Jess, aged 14, writes: During half term, our family visited Norwich and the Norfolk Broads. Over the course of our two days in Norwich, we visited fascinating museums, ate delicious food, and saw gorgeous sights, such as the castle and cathedral. We were very lucky to have a fair bit of sun, and loved walking around the city. Here are our favourite bits (don’t miss the video which Robert made too – just click on the link!)
We stayed in the Norwich City Holiday Inn, which was very convenient and great for families. We always find inter-connecting rooms useful, and the fact that Robert and I had separate beds was a bonus. The food was good, and everything was clean and tidy. It wasn’t luxurious, but it is a great budget choice for families, and it’s right next to Norwich City’s football stadium!
Sarah says: We decided to start at our trip at the Museum of Norwich at Bridewell and were really impressed by this lovely, informative gem of a museum. The museum gives the story of this city (once England’s second in terms of importance), and taught us a lot, impressing all of us. It is bright and easy to navigate (it’s set out logically) and also very interactive, which appealed to the children.
Norwich’s story includes that of the “strangers” – Huguenots who were invited to come from the Netherlands in the 16th century in order to help the textile industry. Thirty families of master weavers came initially (soon followed by more) and made a huge contribution to the city’s fortunes.
Norwich’s story is not only one of textiles and weaving, but also of mustard (Colman’s of course), plus football (we found out why Norwich City are called the Canaries), chocolate (Caleys and Rowntrees) and shoes (Norwich used to provide eight million pairs of shoes a year!).
We were surprised by how much there was to see in this small museum and I was especially fascinated by its darker side, as it used to be a prison. The stories of some of those who spent time here were really sobering.
The Museum is in Bridewell Alley, off Bedford Street and is open Tuesday to Saturday from 10 to 4.30am. It costs £5.20 for adults and £3.90 for children. You can also pop in for an hour for just £1 which seems a great idea to us.
Robert, aged 10, writes: I really enjoyed exploring the medieval castle. We studied an array of interesting displays on the top floor and had fun taking part in some interactive activities on British History on the first floor. My favourite was an activity where you catapulted a rock and had to try and knock over a wall. The castle used to be a prison and there was a very interesting display about this, including stories of criminals and even a prison cell.
The second floor was my favourite though. When we went there was an exhibition on dragons and the How To Train Your Dragon books so there were loads of things to do on that topic. They included listening to books being read out and arts and crafts. I created my own mini dragon.
Jess says: Norwich Cathedral is one of the most complete major Romanesque buildings in Europe, and has the second tallest spire and largest monastic cloisters in England. It was absolutely beautiful, and we walked around for about half an hour. There are guided tours around the 900 year -old Cathedral but we did not take one, preferring to walk around at a leisurely pace.
We really enjoyed reading the inscriptions on the walls and tombstones, and reading the memorials. We also thought the staff were extremely friendly.The Cathedral is free to enter, although they do ask for donations.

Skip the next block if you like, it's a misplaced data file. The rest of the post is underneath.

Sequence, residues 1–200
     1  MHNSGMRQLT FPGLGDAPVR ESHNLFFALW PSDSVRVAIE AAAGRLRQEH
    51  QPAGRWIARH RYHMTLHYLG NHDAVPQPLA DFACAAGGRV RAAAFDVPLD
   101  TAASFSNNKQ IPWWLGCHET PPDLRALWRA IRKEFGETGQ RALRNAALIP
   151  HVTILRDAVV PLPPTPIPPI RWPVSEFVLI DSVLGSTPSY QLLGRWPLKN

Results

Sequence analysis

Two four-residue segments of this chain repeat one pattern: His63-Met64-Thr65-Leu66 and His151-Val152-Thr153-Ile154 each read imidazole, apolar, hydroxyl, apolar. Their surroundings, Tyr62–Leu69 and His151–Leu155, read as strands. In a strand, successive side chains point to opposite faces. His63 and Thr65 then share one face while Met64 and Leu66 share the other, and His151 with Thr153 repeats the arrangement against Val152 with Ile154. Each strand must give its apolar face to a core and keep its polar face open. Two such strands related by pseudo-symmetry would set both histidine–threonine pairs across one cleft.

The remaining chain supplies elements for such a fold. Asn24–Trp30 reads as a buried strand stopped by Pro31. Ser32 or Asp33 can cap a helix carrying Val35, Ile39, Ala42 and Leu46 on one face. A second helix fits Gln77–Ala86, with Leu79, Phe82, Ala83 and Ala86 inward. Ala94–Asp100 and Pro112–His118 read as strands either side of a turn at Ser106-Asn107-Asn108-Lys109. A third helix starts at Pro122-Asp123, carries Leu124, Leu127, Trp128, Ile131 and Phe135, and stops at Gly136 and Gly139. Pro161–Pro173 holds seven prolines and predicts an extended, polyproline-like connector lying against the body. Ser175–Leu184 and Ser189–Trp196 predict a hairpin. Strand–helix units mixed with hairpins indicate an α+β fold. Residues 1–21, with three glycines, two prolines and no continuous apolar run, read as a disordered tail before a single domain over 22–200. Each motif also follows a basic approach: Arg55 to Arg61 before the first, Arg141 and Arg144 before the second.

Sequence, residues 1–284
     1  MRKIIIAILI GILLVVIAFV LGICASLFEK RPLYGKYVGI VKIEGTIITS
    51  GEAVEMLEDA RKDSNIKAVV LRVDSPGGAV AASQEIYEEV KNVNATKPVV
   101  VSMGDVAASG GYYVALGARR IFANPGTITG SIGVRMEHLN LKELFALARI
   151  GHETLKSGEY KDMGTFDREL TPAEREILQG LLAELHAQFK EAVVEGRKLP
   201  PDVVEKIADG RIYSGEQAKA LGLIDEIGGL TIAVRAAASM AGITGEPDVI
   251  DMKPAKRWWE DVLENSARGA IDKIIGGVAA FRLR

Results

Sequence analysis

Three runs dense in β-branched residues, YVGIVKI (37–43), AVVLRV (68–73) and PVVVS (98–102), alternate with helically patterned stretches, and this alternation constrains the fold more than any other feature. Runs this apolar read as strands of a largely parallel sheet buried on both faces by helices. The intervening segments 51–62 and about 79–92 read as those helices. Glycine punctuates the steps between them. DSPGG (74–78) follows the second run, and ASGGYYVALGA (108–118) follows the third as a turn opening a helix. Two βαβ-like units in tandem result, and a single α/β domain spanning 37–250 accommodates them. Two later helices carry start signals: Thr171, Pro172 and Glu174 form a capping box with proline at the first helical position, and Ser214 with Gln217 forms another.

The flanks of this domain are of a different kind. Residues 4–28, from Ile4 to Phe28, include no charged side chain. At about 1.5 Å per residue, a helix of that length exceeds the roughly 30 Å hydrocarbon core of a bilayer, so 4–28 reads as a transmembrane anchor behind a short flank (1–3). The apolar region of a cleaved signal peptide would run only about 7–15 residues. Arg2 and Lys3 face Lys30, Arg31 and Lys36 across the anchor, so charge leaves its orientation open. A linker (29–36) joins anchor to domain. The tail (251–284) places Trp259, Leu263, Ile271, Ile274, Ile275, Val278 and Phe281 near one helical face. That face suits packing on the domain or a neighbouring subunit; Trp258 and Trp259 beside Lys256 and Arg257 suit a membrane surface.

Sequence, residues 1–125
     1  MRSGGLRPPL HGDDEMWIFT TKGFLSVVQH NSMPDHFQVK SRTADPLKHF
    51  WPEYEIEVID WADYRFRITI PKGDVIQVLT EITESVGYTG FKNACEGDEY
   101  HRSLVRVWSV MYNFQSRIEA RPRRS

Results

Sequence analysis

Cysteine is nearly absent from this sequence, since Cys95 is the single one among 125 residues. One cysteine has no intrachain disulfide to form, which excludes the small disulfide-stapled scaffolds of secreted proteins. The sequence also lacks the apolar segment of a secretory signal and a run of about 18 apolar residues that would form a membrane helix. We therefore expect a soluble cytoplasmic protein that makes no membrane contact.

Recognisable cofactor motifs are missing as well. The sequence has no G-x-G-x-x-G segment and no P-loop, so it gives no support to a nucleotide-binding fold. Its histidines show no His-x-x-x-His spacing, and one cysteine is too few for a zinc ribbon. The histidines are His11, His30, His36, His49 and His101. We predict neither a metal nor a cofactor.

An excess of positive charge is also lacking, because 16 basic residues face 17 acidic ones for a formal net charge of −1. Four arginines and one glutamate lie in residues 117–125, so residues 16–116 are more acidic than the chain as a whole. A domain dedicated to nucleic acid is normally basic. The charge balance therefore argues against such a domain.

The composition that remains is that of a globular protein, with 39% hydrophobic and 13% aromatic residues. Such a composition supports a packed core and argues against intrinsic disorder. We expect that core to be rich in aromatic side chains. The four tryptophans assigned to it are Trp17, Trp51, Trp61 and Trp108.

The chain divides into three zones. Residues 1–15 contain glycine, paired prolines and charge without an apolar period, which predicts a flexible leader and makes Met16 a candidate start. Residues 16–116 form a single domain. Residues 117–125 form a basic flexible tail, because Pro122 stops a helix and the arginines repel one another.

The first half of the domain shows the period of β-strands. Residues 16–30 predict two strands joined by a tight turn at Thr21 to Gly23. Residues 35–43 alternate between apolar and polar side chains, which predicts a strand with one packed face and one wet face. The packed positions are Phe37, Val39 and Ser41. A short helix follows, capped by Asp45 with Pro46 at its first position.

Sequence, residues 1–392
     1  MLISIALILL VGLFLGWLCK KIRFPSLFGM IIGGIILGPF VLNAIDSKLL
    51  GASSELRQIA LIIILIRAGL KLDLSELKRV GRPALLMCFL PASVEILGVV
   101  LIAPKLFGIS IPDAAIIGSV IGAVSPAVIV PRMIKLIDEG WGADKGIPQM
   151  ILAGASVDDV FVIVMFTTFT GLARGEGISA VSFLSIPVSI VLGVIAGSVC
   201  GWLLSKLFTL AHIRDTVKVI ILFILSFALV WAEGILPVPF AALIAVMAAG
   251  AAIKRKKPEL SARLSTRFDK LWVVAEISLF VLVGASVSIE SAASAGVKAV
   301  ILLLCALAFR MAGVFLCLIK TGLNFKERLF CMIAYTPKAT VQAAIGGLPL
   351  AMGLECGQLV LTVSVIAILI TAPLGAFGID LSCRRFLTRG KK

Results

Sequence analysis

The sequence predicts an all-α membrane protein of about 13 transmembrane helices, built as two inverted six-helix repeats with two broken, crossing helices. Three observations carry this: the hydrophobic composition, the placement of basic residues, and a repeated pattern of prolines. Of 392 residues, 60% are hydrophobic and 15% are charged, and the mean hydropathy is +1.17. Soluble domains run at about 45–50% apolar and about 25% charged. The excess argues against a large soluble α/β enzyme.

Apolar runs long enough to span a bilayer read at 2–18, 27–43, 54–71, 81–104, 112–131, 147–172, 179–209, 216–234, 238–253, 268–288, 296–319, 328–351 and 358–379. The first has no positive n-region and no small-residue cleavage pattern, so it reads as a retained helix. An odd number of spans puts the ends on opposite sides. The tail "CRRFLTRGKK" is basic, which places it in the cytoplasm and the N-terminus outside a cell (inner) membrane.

Robert says: I loved going to the Sainsbury’s Centre for Art as it displayed a large assortment of intricate sculptures and detailed painting that had been made over the years. I was stunned by the art and felt so relaxed when I drew some of my favourites on a piece of paper I was given, as it was so quiet and calm. The building itself was enormous; you could go outside and walk around the giant plot of land surrounding the gallery which had a starring role in the second Avengers movie. I really enjoyed going there and it was the highlight of my trip.
Sarah writes: Norwich was a lovely city to walk around and we really enjoyed the combination of the old and new side. There are lovely cobbled streets to walk along and small, independent shops and galleries in the Lanes and the medieval quarter, but there are also all the high street favourites, and it’s so convenient to walk everywhere! Don’t miss the huge market, which is right in the centre, and which is full of all sorts of different stalls (from food to clothes).
We especially enjoyed the fantastic food at the Macarons and More shop in the Royal Arcade (look at their website for some amazing pictures!) and had a terrific lunch at the Britons Arms, which is set in a 15th century building – and which featured in the film Stardust.
We had hoped to visit the Strangers’ Hall, which has been a home to merchants and mayors in Norwich since 1320, but unfortunately it was closed, so definitely check up on its opening times if you’re interested in a visit.
Jess writes: We had a lovely time in Norwich – the castle was beautiful, the museum was fascinating, and I loved my cinnamon pretzel, massive pistachio macaroon, and my raspberry meringue pavlova. Norwich is full of scrumptious food, which was one of the reasons that it is perfect for families. Norwich is full of so many things to see and do, and we would love to go back and see them all.
Disclosure: Our visit to Norwich was organised with help from Visit Norwich. We stayed in the Holiday Inn on a complimentary basis, although neither Visit Norwich not the hotel had any input into this piece. Our rooms at the Holiday Inn would have cost £95 per night including breakfast. Kids eat free at the hotel (we took advantage of this!)
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